Professional Development Workshops
The Conservation Center offers a variety of workshops in conservation technology and collections care that are open to conservators, artists, art historians, archivists, museum professionals, science professionals, and students. The full-day workshops range from one to five days in length and are usually held during the summer months. Classroom lectures are combined with hands-on laboratory practice to familiarize participants with current methodologies.
To place your name on the mailing list, please e-mail: firstname.lastname@example.org
Admission to the Continuing Education Program
Space is limited and to ensure a spot in the workshop early application is recommended. Late applications will be accepted if space allows. Applicants are requested to submit statements on the applicability of their selected course(s) to their work, and brief resumés listing their relevant education and employment backgrounds. This allows workshop instructors to shape the seminars according to participants’ needs.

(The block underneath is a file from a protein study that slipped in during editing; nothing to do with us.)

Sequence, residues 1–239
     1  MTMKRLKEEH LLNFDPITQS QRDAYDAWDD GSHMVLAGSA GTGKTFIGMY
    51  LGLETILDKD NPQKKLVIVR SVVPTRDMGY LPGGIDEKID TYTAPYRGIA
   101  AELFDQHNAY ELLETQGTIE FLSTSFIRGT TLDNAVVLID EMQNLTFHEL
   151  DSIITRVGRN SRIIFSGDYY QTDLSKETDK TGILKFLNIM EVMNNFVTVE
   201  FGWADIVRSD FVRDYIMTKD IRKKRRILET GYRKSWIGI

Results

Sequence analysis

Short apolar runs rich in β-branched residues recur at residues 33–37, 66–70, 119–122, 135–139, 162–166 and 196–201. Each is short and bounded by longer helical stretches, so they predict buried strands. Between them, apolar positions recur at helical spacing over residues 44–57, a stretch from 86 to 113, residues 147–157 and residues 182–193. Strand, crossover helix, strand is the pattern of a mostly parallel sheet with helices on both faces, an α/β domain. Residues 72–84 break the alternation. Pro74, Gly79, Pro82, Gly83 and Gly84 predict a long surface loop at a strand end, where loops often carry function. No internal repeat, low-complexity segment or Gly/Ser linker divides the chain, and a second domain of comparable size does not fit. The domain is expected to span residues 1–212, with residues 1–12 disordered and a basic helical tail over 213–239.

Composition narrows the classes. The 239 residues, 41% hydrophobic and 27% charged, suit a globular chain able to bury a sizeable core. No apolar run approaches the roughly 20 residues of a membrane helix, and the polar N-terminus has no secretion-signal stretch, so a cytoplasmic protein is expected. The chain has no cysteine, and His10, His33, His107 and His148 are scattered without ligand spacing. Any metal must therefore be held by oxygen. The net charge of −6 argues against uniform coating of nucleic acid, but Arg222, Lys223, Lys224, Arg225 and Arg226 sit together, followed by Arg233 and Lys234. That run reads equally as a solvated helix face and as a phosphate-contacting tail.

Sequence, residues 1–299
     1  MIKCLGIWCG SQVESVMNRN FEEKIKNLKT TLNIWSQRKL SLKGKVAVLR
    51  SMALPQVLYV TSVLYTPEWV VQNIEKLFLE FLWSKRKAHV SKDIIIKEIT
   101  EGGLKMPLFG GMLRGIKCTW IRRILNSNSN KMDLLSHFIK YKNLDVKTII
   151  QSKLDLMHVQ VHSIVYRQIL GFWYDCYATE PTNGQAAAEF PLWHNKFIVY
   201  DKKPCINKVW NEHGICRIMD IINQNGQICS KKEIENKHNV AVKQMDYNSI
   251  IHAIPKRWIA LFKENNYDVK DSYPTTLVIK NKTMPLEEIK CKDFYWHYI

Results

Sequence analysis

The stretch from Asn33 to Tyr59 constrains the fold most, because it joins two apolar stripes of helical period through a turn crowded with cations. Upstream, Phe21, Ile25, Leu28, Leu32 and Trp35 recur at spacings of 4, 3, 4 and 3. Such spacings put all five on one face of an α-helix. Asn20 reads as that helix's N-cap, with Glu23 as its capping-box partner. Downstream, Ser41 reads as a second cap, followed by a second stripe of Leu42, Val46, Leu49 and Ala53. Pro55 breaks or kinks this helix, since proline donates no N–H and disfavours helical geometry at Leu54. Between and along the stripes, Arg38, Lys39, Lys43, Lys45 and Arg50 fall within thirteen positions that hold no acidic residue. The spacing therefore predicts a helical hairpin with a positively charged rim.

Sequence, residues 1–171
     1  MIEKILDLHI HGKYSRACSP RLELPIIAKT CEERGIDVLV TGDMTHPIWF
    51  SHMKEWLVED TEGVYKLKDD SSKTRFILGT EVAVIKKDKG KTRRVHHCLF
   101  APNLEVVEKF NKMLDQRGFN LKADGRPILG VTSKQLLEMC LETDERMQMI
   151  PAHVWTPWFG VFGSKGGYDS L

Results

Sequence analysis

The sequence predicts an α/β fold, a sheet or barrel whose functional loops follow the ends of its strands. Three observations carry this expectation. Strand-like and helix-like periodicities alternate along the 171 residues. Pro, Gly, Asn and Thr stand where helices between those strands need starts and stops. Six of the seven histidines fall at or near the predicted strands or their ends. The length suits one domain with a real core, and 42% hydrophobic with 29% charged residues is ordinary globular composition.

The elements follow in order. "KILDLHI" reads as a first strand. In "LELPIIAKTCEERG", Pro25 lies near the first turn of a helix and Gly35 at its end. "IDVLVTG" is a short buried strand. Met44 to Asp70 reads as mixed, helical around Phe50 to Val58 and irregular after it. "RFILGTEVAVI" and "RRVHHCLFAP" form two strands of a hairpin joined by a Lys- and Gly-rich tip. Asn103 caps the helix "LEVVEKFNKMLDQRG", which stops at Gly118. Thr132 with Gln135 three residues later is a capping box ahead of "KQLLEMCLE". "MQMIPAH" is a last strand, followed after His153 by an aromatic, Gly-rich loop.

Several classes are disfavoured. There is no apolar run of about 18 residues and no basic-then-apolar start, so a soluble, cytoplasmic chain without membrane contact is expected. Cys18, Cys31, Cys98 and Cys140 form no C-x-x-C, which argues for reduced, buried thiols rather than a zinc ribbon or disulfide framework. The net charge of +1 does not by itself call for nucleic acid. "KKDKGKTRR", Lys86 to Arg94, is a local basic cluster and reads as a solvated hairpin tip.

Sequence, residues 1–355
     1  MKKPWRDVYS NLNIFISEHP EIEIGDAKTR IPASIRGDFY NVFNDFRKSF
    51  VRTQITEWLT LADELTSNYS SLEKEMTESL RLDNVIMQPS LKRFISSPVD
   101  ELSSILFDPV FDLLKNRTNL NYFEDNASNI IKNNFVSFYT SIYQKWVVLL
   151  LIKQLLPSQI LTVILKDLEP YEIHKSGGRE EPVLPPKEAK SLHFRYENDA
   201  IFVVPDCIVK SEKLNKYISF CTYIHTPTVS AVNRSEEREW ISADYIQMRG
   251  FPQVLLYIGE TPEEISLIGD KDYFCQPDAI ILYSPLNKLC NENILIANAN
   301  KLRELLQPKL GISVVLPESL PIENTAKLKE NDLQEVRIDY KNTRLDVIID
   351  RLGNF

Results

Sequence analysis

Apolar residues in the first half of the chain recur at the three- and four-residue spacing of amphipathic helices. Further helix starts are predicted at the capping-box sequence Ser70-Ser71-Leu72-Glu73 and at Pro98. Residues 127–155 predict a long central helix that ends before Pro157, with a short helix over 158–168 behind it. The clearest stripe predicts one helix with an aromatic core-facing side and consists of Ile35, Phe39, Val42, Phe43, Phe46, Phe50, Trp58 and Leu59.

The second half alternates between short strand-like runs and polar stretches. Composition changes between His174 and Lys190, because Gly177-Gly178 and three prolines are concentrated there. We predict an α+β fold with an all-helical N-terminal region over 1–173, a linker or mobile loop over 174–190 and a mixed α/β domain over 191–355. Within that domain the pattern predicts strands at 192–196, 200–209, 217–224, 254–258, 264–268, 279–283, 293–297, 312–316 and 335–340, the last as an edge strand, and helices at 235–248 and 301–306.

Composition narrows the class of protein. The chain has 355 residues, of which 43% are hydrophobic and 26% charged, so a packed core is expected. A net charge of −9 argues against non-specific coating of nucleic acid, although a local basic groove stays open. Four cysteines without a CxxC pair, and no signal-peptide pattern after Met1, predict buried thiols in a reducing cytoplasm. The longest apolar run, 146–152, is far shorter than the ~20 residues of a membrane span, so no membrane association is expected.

Partial financial assistance is occasionally available for qualified applicants who would otherwise be unable to participate. Applicants submit written statements of financial need, and, where appropriate, letters from their organizations endorsing their requests.
Travel and Housing
Participants are responsible for their own travel, meals, and housing arrangements. Recommendations for moderately priced accommodations are included with acceptance packets.
SYMPOSIA IN CONSERVATION
The Kress Summer Teaching Institute in Technical Art History
July 25 - 29, 2011
What is a brush stroke? What can it tell us? What pigments and paint media did the “old masters” choose … and why? How can technical analysis help us to discover the process of creation, the relationships between artists and workshops, and the changes wrought on paintings over time?
As summarized by David Bomford, Acting Director, J. Paul Getty Museum, “technical art history concerns itself with all the processes for making art, and the technical and documentary means by which we throw light on those processes.”1